February 28, 2015
On Travel Warnings

Our newest weekly column "The Ahasuerus Files" presents our intrepid globe trekker R.L. answering any questions you have about travels. So ask away. But, please, no basic questions that you can easily Google.

by R.L.
Lifestyle // Travel and Leisure
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Our newest weekly column “The Ahasuerus Files” (of the legend of the Wandering Jew, in case you’re wondering about the name) presents our intrepid globe trekker R.L. answering any questions you have about travels. So ask away. But, please, no basic questions that you can easily Google. 

Dear R.L.,
 
What's your view on travel warnings? How much should we heed them?
 
Best,
Lia

 
Dear Lia,


 
Reading a government travel warning is like reading a year-end “Best of Pos Kota”. Let’s be clear here, there’s no smoke without fire. The hardworking ladies and gentlemen who work at the MFA don’t just pull statistics out of their diplomatic behinds. Bombs did go off in Bali, killing hundreds of people. The narcos in Mexico do skin people and dump their bodies in unmarked mass graves. As a long time resident of Jakarta, my beloved city has its share of terrorist acts and violent crimes, but it doesn’t stop its residents from having a grand ol’ time.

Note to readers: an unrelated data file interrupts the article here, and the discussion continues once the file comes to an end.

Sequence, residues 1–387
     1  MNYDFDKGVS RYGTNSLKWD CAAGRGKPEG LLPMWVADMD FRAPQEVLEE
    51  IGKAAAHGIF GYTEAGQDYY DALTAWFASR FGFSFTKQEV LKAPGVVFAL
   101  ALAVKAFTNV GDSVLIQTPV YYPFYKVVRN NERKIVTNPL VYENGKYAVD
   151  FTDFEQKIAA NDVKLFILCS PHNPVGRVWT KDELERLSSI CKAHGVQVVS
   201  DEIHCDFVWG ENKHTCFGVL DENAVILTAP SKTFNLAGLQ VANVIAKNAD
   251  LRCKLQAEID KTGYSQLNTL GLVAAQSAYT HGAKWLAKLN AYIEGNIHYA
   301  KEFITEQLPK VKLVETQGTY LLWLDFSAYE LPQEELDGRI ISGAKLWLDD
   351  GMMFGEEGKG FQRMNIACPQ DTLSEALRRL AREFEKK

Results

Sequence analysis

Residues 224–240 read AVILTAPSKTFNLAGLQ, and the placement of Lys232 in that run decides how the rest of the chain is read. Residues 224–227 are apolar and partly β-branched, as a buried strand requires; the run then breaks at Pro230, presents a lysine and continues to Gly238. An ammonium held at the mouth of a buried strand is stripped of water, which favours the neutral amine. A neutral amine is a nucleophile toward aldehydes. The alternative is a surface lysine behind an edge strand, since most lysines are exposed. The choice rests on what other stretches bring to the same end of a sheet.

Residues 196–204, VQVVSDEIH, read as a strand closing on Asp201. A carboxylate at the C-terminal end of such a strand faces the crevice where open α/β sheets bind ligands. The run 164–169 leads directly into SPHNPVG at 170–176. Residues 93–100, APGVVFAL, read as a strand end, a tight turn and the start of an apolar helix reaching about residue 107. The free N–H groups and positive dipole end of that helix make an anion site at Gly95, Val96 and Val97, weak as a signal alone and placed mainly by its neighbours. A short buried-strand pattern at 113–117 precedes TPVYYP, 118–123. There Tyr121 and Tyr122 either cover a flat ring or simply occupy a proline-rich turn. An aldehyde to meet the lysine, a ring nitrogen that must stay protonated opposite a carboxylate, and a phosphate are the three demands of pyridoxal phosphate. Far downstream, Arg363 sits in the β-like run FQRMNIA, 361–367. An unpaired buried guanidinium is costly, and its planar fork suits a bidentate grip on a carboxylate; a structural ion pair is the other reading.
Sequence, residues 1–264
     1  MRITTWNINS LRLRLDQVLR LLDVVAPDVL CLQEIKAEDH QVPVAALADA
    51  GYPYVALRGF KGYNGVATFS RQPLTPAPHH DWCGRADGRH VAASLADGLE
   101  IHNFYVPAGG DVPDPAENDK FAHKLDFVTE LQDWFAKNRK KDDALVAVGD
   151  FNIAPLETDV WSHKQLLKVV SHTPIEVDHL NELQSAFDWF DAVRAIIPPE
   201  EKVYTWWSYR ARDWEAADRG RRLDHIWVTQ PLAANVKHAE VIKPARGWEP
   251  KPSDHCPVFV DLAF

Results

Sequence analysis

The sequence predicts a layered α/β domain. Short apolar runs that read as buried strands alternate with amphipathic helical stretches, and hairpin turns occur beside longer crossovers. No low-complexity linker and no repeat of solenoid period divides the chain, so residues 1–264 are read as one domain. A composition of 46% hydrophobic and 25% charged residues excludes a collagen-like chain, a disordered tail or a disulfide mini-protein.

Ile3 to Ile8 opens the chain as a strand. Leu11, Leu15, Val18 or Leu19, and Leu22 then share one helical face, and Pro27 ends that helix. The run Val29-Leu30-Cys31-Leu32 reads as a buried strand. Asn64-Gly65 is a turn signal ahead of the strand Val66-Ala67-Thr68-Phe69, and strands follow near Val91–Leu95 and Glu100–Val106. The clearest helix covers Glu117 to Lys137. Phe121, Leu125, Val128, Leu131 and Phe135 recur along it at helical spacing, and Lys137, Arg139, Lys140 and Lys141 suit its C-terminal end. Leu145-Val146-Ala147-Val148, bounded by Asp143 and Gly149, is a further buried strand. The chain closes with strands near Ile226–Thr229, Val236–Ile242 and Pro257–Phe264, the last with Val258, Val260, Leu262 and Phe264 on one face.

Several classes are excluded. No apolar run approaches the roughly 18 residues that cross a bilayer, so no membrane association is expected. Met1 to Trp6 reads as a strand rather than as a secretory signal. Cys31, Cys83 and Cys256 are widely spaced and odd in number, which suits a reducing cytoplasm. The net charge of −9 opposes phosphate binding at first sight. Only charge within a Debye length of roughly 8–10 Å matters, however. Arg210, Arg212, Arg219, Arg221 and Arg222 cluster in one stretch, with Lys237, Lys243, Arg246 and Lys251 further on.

The key here is to read the travel warning and analyze the information with a cool head, put things in perspective. Some incidents are isolated ones, and not targeted at tourists. Some applies for certain nationalities only. An Iranian-American visiting Iran might encounter more security risks than an Indonesian tourist, whose only concern is probably the frequent trips to the bathroom after everyone insists on feeding them massive amounts of kebab.
 
Southern Philippines may experience sporadic separatist terror, but it seems that they only have a predilection for kidnapping Western country nationals, and the rest of the country has a safety record that is comparable to its neighbors. Most of the violence in Mexico is drug related, and it’s highly doubtful you will be taking pictures of Mayan pyramids in a cartel stronghold.
 
That being said, be careful wherever you are, including in so-called “safe” countries such as Sweden or Japan. Shit happens. Read local blogs and the myriad traveler forums for the latest updates from both locals and travelers alike -The Lonely Planet Thorn Tree, TripAdvisor and VirtualTourist are good places to start. Compare advices; use common sense.
 
One last thing: avoid war zones. You don’t need a travel warning for this.

Send your travel-related questions to editor@magdalene.co with the subject 'The Ahasuerus Files'